Chrystia Freeland talks tough: Ottawa Power rankings

Who’s up in the nation’s capital? An NDP bulldog and a Liberal minister. Who’s down? A high-profile Tory and a hopeful for the party crown.


With Justin Trudeau’s trip to Washington, D.C. taking centre stage, his foreign minister rises—while his finance minister falls. See who’s up and who’s down in and around Parliament Hill’s corridors of power. And check out the rest of our weekly power rankings.




The new Foreign Affairs Minister was in Washington this week to meet with top congressional leaders ahead of Prime Minister Justin Trudeau’s tête-a-somewhat-differently-groomed-tête on Monday with President Donald Trump. Freeland offered up exactly what she was brought into this portfolio to do: tough talk about Canada’s willingness to stand up for itself, its trade interests and NAFTA. “Rest assured that we will very forcefully advocate for the national interest,” she said.



The NDP’s democratic reform critic has become the furious face of resistance to the Liberal government ditching its electoral reform promise. When Democratic Institutions Minister Karina Gould appeared in committee this week, Cullen demanded to know why she had asked him, in a face-to-face meeting, for ideas on how to proceed with the file just hours before it went public that the issue was dead. A petition Cullen sponsored, which demands the government re-commit to electoral reform, has gathered nearly 100,000 signatures.



It appears that the rumour that Sarah Palin is headed to Ottawa as the new U.S. Ambassador is based solely on the fact that Trump’s press secretary, Sean Spicer, wouldn’t explicitly rule it out—that, and the fact that people really, really, really want it to be true. I mean, come on: The world’s ur-hockey mom, firing winks and finger-guns and deeply questionable uses of the English language from the most prestigious and visible diplomatic post in town? You can practically hear the collective voice of the capital floating above the Rideau Canal: “Ohpleaseohpleaseohplease…”




Yes—again—the Conservative leadership candidate lands on the downhill side of this list. You get the feeling what was grabbing her most of the oxygen early in the race is curdling now, and even Trudeau took a cheap shot by way of defending his abandonment of electoral reform. Peter MacKay, the former Progressive Conservative leader who helped create the united Conservative Party, also offered rare commentary this week on the leadership contest, picking apart Leitch’s centrepiece proposal on screening immigrants for Canadian values. “I do worry about certain positions that have been staked out…it does pose the risk of causing brand damage for the Conservative Party,” he said.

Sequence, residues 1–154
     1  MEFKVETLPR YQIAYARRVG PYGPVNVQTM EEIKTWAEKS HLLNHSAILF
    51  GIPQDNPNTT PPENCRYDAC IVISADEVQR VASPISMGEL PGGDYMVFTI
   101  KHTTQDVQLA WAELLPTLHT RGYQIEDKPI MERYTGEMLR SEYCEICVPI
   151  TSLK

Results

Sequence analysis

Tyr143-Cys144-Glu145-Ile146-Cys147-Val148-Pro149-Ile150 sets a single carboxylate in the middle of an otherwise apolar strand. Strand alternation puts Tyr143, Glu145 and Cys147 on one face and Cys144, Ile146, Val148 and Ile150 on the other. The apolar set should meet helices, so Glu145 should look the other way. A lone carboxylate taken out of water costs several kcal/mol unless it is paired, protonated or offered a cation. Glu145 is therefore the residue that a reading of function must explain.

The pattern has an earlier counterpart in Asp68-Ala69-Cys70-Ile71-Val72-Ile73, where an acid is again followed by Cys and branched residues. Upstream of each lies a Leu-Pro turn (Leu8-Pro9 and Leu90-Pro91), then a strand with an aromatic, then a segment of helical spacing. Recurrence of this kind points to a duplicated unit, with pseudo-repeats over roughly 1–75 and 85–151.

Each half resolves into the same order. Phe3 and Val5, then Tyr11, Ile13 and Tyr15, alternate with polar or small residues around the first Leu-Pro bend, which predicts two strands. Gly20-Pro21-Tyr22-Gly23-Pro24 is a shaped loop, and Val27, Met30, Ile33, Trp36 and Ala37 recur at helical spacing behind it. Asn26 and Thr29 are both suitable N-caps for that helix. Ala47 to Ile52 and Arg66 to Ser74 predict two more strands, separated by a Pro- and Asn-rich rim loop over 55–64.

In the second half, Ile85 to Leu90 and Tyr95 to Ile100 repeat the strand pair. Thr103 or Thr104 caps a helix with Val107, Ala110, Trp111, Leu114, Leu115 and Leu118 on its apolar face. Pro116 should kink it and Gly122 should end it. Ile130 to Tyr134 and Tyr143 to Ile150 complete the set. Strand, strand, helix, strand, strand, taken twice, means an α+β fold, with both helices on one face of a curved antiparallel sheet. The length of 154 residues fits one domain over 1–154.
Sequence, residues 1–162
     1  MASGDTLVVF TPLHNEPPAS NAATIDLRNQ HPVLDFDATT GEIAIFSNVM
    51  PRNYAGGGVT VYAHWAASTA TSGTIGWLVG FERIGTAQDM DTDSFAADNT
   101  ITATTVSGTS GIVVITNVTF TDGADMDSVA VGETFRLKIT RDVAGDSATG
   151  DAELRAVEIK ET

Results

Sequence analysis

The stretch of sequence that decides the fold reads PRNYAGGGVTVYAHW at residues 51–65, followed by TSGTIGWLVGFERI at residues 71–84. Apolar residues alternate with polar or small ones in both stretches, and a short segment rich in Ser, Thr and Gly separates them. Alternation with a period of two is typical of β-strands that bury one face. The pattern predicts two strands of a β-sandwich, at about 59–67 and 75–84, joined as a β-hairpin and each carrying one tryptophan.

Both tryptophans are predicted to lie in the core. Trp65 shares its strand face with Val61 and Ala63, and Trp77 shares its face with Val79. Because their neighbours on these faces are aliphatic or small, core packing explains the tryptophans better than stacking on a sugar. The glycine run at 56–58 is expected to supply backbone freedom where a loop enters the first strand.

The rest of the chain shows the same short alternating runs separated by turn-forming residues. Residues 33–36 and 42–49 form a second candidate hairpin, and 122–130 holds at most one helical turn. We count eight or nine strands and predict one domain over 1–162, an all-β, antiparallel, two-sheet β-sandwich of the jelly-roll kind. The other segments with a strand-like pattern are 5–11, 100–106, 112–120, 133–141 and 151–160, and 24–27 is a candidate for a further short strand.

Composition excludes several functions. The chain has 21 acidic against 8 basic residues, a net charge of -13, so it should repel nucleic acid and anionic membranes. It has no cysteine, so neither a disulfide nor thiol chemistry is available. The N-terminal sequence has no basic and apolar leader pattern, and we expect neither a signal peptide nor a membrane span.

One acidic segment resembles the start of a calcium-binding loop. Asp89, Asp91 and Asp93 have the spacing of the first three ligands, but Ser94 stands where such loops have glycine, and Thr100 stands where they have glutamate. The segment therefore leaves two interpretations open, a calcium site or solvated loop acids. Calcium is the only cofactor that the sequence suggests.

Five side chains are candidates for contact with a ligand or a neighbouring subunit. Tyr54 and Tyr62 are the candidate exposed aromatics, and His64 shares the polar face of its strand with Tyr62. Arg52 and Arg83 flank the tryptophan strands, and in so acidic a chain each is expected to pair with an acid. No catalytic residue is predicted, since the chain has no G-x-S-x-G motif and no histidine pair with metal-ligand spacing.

In mid-October, the finance minister had in hand a long-term fiscal projection that showed Ottawa would be in the red decades longer than the Liberal government had promised. However, that dour news somehow failed to make it into the economic update Morneau provided two weeks later, which instead focused on more chipper policy announcements. The deficit news was publicly released using the tried-and-true practice of quietly posting something online with no press release, just as everyone has checked out and unplugged their brains for a holiday—in this case, on Dec. 23.



The interim Conservative leader is now facing uncomfortable questions about her January vacation aboard a yacht owned by energy titan Murray Edwards—a friend of her spouse, J.P. Veitch—whose aerospace company received funds from the Conservative government while Ambrose was a cabinet minister. What’s more, the awkward symmetry of Ambrose’s luxe vacation—which was cleared, albeit belatedly, with the ethics commissioner—has given her party zero legs to stand on in labelling Trudeau as entitled. All that hollering about the Aga Khan’s helicopter has suddenly faded to crickets.